This was my 2nd "classic Bond", and I immediately liked Moore.. I have never been able to explain exactly why, but Moore's charm is infectious and leaves me smiling every time I watch one of his Bond films, he also just seems naturally comfortable in the role from the moment he shows up on screen, which helps adjusting to the change in actor.
    So yeah, from pretty much the second he stepped out of that airport in New York (an iconic establishing shot, IMO - Moore has arrived!), I was a Moore fan, and already excited about seeing the rest of his films.
    By the way, compare how Moore looks in this film with how Connery looks in "Diamonds.." and then realize that Moore is actually five years older.. Moore gets a lot of flack for looking too old, but at the same time, I don't think any other Bond actor could have pulled that off as well as him.. none of the others aged as well as Moore did.

    Other elements about this movie I enjoy:
    David Hedison's chemistry with Moore!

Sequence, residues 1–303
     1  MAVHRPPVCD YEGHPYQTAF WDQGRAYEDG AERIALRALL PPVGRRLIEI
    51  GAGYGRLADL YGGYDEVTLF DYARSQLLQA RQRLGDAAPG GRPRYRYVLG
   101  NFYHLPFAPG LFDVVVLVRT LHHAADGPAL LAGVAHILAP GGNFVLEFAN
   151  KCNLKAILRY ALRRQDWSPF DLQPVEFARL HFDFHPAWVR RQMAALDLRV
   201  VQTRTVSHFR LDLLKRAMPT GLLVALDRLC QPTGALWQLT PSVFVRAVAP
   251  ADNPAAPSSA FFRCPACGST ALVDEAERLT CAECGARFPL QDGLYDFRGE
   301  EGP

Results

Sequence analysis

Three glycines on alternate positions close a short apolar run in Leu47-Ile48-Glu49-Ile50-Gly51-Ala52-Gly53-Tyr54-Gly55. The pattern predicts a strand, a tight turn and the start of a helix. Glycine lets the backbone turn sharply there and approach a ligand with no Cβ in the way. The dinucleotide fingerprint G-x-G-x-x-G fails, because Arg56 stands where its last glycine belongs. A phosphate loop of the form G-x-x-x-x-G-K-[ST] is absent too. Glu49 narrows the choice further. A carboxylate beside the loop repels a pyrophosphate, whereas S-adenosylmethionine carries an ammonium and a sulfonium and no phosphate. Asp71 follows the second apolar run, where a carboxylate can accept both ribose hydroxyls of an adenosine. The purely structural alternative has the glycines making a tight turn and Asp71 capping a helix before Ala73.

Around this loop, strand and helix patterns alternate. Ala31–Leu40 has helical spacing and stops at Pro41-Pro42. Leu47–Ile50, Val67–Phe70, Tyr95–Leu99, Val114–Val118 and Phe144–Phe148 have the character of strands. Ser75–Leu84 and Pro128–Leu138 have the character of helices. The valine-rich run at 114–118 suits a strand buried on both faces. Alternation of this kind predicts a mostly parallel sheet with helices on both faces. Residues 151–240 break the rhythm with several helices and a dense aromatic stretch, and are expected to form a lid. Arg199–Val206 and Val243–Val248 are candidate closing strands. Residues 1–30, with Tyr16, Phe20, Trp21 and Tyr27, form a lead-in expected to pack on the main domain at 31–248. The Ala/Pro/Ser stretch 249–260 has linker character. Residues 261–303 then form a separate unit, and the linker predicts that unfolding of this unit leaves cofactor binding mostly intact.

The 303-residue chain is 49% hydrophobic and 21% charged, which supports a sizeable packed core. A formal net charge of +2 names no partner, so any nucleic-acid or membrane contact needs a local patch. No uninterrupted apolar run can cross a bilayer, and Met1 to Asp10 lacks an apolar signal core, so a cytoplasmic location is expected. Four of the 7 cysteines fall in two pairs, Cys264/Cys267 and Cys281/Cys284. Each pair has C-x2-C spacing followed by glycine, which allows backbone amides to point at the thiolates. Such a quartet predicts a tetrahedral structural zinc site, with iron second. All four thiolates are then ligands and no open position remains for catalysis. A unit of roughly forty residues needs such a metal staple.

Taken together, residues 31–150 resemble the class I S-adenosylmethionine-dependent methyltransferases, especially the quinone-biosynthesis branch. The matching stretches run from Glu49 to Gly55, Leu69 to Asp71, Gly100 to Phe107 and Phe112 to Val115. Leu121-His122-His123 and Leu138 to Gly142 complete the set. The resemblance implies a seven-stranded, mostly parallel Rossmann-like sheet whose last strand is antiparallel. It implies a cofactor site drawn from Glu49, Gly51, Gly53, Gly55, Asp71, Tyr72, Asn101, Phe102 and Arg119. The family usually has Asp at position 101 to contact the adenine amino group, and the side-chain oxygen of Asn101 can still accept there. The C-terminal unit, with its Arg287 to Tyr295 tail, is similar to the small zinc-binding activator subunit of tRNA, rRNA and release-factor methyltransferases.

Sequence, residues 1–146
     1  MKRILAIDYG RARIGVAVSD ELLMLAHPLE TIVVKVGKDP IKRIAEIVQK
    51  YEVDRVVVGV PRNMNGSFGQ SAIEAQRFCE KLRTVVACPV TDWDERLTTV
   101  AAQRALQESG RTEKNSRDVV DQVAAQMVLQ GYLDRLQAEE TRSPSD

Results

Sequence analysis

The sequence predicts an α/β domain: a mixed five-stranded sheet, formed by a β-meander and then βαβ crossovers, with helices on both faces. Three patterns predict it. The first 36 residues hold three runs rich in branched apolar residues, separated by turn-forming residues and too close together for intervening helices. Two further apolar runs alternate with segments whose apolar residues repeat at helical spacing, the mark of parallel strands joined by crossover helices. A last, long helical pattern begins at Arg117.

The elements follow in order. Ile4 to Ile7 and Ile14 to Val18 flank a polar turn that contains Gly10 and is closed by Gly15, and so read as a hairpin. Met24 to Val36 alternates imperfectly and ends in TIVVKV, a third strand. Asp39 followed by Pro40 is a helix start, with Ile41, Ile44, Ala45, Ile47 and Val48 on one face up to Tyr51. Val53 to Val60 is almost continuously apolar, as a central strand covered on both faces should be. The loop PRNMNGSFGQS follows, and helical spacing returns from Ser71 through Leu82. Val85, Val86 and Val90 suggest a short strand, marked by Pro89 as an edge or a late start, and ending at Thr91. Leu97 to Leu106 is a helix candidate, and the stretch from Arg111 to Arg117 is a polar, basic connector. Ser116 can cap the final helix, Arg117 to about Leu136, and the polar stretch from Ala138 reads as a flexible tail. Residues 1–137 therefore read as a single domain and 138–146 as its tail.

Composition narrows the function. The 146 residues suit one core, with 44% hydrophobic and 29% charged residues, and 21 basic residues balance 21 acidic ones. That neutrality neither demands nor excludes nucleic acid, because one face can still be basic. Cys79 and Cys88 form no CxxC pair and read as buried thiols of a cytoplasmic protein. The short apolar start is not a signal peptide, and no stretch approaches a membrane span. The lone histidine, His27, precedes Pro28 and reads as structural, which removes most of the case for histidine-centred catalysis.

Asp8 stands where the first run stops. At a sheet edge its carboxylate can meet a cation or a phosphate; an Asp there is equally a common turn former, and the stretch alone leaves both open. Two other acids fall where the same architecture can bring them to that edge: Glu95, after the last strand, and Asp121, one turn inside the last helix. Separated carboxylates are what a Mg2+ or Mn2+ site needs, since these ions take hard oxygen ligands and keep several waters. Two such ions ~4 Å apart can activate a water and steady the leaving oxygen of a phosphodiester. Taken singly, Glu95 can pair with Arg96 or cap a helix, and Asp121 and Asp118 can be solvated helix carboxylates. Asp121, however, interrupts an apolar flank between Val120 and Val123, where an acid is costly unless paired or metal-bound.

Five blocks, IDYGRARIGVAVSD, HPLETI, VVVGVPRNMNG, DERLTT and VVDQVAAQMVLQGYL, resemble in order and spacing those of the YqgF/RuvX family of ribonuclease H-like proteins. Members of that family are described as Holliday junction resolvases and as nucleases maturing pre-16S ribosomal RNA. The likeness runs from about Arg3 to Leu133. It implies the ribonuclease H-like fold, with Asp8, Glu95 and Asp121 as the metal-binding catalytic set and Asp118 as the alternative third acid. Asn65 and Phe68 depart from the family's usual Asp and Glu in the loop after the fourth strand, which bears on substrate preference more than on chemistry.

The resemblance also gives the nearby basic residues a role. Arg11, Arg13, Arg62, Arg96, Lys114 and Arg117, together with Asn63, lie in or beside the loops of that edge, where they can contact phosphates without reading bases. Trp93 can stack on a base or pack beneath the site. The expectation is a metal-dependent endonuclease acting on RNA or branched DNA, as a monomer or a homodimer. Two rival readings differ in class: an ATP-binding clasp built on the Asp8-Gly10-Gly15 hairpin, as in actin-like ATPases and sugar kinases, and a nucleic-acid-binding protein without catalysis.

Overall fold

I buy the two of them as old friends straight away, and Hedison for that reason alone makes an adequate Leiter, but not a great one.. He seems a bit too jovial for me at times, and again he seems to have a knack for disappearing whenever there is serious trouble.. (Why does Felix stay behind on the boat at the end instead of helping Bond?)
    Still, Hedison and Moore make a wonderful team, I always get a chuckle out of the scene where Felix is talking to Bond on the phone and goes "You WHAT???" He is almost playing Costello to Moore's Abbott in that scene!
    "Get me a make on a white PIMP-MOBILE!"

    George Martin's score also deserves praise, I can clearly tell that Barry is not behind it, but I don't miss him, Martin does perfectly fine.. My only question is why most of the spectacular boat chase is left unscored?
    As for the title song, there is no disputing that it is a classic! As a lifelong Paul McCartney fan, I was shocked (as a child) to discover that the song (which I had known long before I ever saw the film) was written especially for the movie.. I had always assumed that they titled the movie after the song! xD
    Ironically my father almost shares this story, this was the first Bond picture he went to see in the cinema, only, he didn't know it was a Bond film until he got there.